COMPANION TO CANTO XVII
Without gods, no culture. Without gods, something is lacking.
(Ezra Pound Guide to Kulchur 128)
When I say above that technique is the means of conveying an exact impression of exactly what one means, I do not by any means mean that poetry is to be stripped of any of its powers of vague suggestion. Our life is, in so far as it is worth living, made up in great part of things indefinite impalpable; and it is precisely because the arts present us these things that we–humanity–cannot get on without the arts. The picture that suggests indefinite poems, the line of verse that means a gallery of paintings, the modulation that suggests a score of metaphors and is contained in none: it is these things that touch us nearly that “matter.”
Ezra Pound. “I Gather the Limbs of Osiris” SP 33)
Annotations in the List of Works Cited:
Author’s last name, first name. “Title of the Article or Individual Page.” Title of the Website, Name of the Publisher [if different from website name], Date of Publication in Day Month Year format, URL. [MLA 8 format].
Example: Preda, Roxana. “Companion to Canto IV.” The Cantos Project, 5 August 2016.
OCCEP – The Online Companion to The Cantos of Ezra Pound
(Contributor name, OCCEP IV: n.no).
Example: (Bressan, OCCEP IV: n.3). If no name is indicated, the gloss was written by Roxana Preda. In this case, the citation will have this format: (OCCEP IV: n.13).
References to The Cantos
As The Cantos Project is numbering the lines of The Cantos, references to cantos already glossed will be by canto number and line number(s), as standard with classical works. Example: III: ll.7–17.
For cantos that are not yet glossed within the project, the references will be by canto number slash page number, as standard in the research on the poem. Example: III/12. The page number refers to the American edition of The Cantos by Ezra Pound. New York: New Directions, 1998.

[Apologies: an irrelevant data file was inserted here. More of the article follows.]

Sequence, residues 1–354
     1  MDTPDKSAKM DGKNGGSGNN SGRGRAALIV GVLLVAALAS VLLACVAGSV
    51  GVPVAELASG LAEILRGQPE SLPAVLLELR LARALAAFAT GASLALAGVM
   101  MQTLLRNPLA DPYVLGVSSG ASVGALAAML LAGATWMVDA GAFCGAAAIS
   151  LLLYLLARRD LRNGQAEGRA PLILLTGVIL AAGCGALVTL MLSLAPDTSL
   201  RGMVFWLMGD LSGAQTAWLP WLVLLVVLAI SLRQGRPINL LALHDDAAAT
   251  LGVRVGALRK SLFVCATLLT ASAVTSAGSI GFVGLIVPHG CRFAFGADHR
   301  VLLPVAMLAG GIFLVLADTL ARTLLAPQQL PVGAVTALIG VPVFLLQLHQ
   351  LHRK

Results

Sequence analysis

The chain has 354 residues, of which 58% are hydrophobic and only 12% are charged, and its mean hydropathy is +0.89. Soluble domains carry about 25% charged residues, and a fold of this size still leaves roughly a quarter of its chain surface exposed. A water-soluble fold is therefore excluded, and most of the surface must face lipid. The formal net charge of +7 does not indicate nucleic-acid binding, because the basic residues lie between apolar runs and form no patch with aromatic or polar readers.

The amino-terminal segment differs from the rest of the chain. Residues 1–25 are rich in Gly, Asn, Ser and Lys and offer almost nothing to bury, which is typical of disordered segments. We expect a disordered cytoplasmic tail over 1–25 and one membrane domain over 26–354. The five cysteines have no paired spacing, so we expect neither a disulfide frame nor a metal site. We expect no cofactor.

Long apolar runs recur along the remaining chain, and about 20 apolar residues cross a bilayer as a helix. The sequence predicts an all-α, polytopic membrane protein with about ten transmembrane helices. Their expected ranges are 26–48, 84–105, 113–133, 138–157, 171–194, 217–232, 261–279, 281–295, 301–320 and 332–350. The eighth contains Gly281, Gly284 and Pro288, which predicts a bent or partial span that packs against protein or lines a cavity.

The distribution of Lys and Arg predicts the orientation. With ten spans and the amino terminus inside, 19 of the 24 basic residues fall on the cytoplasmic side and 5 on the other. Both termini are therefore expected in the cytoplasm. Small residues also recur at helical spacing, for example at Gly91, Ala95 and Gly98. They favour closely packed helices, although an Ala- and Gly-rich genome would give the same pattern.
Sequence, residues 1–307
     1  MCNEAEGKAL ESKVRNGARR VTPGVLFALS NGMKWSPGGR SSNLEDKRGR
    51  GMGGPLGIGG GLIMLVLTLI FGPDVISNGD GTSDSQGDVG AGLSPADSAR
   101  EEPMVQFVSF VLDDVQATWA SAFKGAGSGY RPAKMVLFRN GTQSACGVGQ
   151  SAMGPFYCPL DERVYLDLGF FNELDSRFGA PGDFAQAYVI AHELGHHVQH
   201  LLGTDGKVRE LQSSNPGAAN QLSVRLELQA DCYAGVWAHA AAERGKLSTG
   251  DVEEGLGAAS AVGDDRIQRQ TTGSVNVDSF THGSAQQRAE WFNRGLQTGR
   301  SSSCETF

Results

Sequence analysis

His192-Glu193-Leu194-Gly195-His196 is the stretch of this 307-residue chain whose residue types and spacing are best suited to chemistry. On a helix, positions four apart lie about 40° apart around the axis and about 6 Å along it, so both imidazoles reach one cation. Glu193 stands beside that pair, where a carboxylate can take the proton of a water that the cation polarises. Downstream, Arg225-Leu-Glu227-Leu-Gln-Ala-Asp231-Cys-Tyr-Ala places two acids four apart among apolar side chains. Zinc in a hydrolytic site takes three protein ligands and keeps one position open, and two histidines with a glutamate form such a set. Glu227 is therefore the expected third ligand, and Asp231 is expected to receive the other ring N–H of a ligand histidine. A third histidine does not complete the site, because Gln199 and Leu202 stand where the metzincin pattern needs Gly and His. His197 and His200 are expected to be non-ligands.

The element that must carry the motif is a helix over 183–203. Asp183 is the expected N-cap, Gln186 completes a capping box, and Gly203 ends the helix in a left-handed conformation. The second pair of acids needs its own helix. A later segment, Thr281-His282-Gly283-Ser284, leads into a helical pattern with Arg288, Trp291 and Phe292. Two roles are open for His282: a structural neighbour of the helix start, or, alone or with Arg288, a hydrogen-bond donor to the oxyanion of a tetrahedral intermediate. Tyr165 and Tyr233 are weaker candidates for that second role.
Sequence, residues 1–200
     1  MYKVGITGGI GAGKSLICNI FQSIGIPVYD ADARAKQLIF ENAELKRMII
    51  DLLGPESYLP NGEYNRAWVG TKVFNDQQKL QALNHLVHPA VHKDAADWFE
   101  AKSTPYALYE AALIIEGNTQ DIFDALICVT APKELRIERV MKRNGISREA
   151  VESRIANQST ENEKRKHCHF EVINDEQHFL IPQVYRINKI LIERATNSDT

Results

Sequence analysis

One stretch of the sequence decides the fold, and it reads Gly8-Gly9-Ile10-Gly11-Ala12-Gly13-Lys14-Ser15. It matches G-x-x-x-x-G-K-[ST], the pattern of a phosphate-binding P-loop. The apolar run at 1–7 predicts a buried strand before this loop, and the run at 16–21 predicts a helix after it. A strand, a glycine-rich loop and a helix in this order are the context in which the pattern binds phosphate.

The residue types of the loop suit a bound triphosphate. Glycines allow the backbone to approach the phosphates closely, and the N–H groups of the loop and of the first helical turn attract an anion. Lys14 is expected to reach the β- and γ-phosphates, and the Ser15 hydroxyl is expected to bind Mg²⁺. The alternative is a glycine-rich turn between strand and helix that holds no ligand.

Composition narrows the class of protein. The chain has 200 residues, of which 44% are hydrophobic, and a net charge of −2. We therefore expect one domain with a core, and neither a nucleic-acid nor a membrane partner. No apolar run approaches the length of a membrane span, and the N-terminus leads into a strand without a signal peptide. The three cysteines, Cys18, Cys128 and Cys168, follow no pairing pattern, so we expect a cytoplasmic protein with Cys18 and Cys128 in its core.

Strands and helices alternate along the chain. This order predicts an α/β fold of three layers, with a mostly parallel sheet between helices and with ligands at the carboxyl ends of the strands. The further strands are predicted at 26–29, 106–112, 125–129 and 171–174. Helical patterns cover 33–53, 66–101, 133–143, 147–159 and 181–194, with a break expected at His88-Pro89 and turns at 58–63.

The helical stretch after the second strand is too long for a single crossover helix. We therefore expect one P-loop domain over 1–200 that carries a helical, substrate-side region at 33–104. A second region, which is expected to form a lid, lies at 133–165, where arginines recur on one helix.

© Roxana Preda. Companion to Cantos XVII, 12 September 2017.
LIST OF ABBREVIATIONS
Carroll F. Terrell. A Companion to The Cantos of Ezra Pound. Berkeley: U of California P, 1993.
Moody, David. Ezra Pound Poet. II. The Epic Years: 1921-1939. Oxford: Oxford UP, 2017.
Online Companion to The Cantos of Ezra Pound. The Cantos Project.
Ezra Pound’s Poetry and Prose. Contributions to Periodicals. Eds. Lea Baechler, Walton Litz and James Longenbach. New York: Garland, 1991.
Ezra Pound. Selected Prose 1909-1965. Ed. W. Cookson. New York: New Directions, 1973.
Beinecke Library, Yale University. Ezra Pound Papers YCAL 43. Box no./Folder no.
- So that: – A new start, echoing the beginning of The Cantos: Pound first used the formula at the end of canto I. At the time of composition, canto 17 was the beginning of a new volume published in folio, designed to continue A Draft of XVI Cantos and at the same time be governed by the same beginning as the preceding volume.
In the first drafts, the “so that” formula was added to “With the first pale-clear of heaven,” which shows that the first six lines of the final version of the poem were conceived as a preamble that connected to the preceding cantos and set the scene, affirming the importance of Zagreus as presiding over the dream-world that follows (YCAL 43 71/3175 and 3176).